Story Charts


What happened in that story you just read?

What were the characters doing? What were they feeling?
What challenges did they have? How did they solve the challenges?
Then what happened at the end? Did any characters change or learn something?
Did you change or learn something?

If you want to tell others about the story, here’s a way to organize your thinking.
It’s called a story chart, and when you fill in the blanks, you know you are looking at the whole story
and showing that you understand the story.

Message for grownups:
You can right-click to save this example from the Internet,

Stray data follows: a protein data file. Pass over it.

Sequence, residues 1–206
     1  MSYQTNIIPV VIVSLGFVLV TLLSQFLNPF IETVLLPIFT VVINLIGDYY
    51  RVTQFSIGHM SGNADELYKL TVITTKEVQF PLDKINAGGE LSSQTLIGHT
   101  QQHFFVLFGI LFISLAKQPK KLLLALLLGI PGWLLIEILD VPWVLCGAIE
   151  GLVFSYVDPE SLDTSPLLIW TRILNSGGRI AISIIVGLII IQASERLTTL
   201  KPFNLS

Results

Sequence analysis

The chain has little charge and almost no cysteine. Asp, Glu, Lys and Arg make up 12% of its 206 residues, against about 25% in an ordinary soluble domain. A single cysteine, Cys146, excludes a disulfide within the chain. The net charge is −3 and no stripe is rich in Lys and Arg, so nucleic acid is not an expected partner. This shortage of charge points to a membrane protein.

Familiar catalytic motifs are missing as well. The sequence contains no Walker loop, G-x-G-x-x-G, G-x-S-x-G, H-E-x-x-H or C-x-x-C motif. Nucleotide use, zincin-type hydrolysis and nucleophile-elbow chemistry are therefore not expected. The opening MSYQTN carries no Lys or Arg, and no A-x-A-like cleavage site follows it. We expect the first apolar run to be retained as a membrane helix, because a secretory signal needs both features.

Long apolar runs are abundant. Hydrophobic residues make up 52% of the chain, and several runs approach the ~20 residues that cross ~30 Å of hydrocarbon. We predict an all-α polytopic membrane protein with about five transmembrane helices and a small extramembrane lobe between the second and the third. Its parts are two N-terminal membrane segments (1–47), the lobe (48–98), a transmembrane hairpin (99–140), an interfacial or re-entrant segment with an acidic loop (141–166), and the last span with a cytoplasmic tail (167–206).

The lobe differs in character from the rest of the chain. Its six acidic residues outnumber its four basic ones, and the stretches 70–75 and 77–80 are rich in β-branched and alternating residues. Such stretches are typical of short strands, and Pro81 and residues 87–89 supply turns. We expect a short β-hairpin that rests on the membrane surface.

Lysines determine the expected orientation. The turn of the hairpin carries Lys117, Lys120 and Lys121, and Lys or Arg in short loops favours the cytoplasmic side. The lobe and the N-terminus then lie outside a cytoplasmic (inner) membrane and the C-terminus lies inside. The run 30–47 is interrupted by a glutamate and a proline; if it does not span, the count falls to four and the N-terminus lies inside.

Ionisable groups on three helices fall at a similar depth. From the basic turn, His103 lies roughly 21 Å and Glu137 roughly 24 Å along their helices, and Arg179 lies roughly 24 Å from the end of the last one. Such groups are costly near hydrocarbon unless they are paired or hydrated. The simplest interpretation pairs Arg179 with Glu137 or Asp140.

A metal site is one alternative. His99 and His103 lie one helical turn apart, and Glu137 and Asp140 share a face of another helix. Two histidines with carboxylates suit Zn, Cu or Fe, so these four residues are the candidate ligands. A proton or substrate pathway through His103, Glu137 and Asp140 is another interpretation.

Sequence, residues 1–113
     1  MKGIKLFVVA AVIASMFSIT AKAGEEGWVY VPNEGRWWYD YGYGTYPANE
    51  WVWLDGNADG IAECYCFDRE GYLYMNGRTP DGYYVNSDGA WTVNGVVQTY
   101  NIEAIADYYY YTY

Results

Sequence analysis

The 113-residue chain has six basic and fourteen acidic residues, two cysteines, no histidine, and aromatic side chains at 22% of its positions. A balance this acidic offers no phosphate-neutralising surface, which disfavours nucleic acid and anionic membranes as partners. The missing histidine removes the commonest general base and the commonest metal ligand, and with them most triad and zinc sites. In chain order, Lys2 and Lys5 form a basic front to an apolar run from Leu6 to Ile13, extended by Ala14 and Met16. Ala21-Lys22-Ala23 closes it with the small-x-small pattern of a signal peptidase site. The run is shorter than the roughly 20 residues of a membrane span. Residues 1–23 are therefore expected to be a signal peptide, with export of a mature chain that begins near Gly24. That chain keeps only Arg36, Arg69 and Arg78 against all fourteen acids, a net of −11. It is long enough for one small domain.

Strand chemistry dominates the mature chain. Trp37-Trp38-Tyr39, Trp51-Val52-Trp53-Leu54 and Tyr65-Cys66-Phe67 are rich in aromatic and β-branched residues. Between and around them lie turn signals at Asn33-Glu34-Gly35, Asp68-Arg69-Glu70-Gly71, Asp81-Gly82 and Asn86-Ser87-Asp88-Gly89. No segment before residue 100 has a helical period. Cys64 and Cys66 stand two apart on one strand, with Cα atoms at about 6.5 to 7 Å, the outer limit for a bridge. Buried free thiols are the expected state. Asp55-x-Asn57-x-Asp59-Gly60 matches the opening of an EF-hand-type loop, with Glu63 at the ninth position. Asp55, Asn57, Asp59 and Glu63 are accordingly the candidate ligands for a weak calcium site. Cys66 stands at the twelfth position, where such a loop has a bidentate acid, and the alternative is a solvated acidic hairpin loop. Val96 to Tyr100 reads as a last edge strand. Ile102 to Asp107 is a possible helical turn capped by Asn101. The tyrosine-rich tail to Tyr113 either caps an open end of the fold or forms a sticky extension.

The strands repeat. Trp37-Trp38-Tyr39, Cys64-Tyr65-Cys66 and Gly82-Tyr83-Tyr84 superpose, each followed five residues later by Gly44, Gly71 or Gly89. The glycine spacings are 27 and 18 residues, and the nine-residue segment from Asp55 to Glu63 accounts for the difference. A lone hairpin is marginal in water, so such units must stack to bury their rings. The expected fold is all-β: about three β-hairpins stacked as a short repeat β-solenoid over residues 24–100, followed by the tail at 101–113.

or you can do a search for “story chart” or “story grammar”
and find or create charts that fit your needs better.
Just make sure that you use a chart that gives young people opportunity to describe essential elements:
characters, setting (time/place), events, challenges/conflicts,
resolutions, ending, and what was learned or changed.

A screenshot of a cell phone

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